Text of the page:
On Wednesday, July 30, as you may or may not have heard, Argentina defaulted. The 99-cent version of what happened is this: in 2002, Argentina, well, also defaulted. Argentina set about offering bonds to victims of the 2002 default, some of which ended up being bought by New York hedge funds. In 2005, Argentina, short on money again, offered to restructure their bond payments with their newfound creditors (cutting about 65-70% off their payments); the hedge funds stayed pat. In 2010, Argentina again tried to restructure, and again, New York said no. Nearly everybody that wasn't the New York hedge funds said yes, so it's basically just the hedge funds holding things up when Argentina, who was by now deriding them as "vultures", comes up short on a payment. The hedge funds take them to court... a New York court. The court ruled that not only does Argentina have to pay the full amount, they also have to stop paying the restructured bonds until the hedge funds get paid. Argentinian law says that they can't do this, because the restructured bonds state that they can't offer the holdouts better terms without giving them to the restructured bonds too.
Which basically meant that obeying the court order means the restructured bonds become unrestructured and they have to make full payment to everyone all over again. Argentina does not have that kind of money (or at least they don't believe they have it). And so they defaulted all over again, meaning nobody gets any money at all. The judge, U.S. District Judge Thomas Griesa, is angry at Argentina for defying his ruling and is ordering them back to the negotiating table with the hedge funds. Argentina has in no uncertain terms told Griesa where he can stick his ruling and any other words that might come out of his mouth in the future. So this is probably going to get worse before it gets better. I advise you to take writeups from the usual sources regarding this with a couple extra grains of salt over and above the usual, because remember, most American business media has feet on the ground in Wall Street, deals with New York traders every day, and in many cases the reporters' personal backgrounds have them going from Wall Street trading straight into journalism. So be really careful with anything beyond basic statements of fact.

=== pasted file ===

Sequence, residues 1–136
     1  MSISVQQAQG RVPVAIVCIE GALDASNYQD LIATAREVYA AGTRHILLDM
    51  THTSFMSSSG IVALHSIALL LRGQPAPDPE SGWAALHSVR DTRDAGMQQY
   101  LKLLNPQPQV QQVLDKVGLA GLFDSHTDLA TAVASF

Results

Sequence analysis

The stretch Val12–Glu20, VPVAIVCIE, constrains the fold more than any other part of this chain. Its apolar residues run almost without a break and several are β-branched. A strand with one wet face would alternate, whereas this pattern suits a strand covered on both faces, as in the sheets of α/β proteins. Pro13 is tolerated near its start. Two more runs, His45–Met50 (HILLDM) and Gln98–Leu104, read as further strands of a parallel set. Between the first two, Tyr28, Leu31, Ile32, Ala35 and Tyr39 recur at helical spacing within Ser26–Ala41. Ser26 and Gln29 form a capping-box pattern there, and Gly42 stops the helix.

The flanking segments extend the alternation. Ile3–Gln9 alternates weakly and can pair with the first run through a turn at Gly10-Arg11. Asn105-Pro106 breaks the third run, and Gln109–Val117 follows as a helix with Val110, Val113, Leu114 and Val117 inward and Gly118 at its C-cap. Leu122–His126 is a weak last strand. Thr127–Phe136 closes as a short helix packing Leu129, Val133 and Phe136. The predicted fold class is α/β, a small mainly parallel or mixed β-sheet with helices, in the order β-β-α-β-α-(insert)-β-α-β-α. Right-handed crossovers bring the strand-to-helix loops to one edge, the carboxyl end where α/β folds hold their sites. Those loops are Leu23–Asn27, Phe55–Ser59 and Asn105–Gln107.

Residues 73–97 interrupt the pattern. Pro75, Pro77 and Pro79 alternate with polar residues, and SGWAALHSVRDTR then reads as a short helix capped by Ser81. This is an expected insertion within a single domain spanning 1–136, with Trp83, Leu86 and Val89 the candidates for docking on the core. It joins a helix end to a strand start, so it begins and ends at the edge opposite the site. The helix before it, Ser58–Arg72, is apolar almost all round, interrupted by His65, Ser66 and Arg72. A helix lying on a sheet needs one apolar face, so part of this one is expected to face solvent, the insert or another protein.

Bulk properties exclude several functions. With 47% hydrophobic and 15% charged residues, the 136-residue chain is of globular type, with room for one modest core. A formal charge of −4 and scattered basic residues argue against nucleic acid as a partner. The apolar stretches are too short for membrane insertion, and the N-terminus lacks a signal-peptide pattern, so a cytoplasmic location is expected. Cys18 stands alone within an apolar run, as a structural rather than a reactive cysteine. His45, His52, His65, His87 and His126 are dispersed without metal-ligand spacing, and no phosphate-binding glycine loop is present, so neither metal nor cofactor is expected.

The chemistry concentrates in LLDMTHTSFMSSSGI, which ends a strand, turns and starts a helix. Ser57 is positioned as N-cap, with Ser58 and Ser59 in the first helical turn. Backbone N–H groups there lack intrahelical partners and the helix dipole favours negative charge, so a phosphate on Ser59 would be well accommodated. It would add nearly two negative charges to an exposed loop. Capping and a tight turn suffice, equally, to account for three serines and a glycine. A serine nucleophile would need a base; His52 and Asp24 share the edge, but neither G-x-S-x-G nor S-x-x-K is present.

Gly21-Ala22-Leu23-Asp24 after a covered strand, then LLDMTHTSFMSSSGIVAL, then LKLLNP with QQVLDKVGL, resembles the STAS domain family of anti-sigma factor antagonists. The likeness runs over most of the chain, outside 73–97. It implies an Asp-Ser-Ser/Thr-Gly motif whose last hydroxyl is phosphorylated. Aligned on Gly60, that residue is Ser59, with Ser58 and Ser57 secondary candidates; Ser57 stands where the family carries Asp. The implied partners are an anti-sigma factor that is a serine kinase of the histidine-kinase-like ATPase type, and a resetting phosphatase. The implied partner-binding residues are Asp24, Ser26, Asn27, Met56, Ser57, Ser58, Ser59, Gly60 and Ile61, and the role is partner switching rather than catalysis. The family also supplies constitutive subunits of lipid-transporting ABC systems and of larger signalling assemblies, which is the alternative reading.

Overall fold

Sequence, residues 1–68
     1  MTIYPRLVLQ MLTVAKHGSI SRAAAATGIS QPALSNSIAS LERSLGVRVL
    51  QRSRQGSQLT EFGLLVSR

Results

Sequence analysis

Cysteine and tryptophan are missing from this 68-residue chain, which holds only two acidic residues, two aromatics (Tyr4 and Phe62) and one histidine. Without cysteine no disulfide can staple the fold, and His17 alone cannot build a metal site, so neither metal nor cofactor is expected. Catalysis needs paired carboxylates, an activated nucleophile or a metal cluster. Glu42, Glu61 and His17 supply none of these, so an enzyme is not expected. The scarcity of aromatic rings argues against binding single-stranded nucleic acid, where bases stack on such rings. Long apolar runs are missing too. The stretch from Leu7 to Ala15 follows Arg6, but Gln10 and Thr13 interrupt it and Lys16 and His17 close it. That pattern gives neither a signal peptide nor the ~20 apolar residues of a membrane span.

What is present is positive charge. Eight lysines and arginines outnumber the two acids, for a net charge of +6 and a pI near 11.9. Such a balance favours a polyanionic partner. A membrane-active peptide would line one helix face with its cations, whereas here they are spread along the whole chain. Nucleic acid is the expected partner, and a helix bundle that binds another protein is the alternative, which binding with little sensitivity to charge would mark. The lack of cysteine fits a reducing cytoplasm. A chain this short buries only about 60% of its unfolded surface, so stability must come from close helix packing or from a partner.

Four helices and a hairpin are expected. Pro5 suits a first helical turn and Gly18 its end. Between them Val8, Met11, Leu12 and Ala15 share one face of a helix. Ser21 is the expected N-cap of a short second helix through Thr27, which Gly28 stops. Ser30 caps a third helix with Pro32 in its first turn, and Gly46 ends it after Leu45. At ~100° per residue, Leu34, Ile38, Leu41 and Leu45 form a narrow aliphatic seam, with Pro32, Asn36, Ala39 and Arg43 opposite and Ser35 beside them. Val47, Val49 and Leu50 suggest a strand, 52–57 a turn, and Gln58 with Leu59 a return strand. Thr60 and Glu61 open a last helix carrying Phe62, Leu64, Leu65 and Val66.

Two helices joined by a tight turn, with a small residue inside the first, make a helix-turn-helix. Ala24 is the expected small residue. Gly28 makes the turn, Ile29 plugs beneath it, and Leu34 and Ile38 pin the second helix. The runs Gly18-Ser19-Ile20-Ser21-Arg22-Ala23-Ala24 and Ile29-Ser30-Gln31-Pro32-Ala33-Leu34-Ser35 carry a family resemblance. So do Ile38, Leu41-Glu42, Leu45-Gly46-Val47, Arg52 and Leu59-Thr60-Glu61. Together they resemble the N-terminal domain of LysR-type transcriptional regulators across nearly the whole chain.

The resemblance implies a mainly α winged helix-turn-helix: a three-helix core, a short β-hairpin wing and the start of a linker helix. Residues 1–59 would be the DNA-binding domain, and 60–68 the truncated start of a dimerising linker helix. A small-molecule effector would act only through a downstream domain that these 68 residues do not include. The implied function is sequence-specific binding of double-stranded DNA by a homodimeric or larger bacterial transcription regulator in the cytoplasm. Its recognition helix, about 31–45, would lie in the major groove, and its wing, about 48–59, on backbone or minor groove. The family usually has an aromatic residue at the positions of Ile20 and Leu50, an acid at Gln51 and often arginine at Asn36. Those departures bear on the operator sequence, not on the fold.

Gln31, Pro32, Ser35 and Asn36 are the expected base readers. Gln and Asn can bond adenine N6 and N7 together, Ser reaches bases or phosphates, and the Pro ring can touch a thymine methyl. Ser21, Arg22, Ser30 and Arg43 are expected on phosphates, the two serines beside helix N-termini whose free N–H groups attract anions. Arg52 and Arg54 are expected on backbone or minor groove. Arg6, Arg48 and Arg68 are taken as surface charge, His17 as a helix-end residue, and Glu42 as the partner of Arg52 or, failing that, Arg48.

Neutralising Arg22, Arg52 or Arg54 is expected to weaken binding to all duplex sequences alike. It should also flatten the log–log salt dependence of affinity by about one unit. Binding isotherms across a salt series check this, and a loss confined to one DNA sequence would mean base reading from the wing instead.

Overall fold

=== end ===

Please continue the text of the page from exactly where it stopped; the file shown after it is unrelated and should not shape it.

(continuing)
That all having been noted... would someone please go over to Treehugger and tell Michael Graham Richard that Friday, August 1st, is literally the worst possible time to run an article with the title "Buenos Aires is doing a fantastic job of transforming itself into a more livable city!" First off, an exclamation point? Really? Second, you not only had two days after Argentina had already declared default to perhaps rethink not only that headline but also the possibility that the sparkly new bus system of theirs might be a thing they suddenly aren't going to have any money to maintain now that Argentina has defaulted, you also had the MONTHS leading up to the default to go 'now wait, this transformation isn't going to suddenly go poof or anything as the result of a default, right?' Maybe if they'd built a park or something, it'd be different. Parks are cheap. You leave stuff sit for long enough, parks more or less build themselves. Ask Detroit sometime. Buses are not parks. Buses stop when you stop spending money to pour fuel into them.
It's not totally fatal to your website's lifespan to just scrap a piece that turns out to be a supremely bad idea to run. You could have binned it and nobody would have noticed. But you didn't and now I'm here to yell at you. Think next time.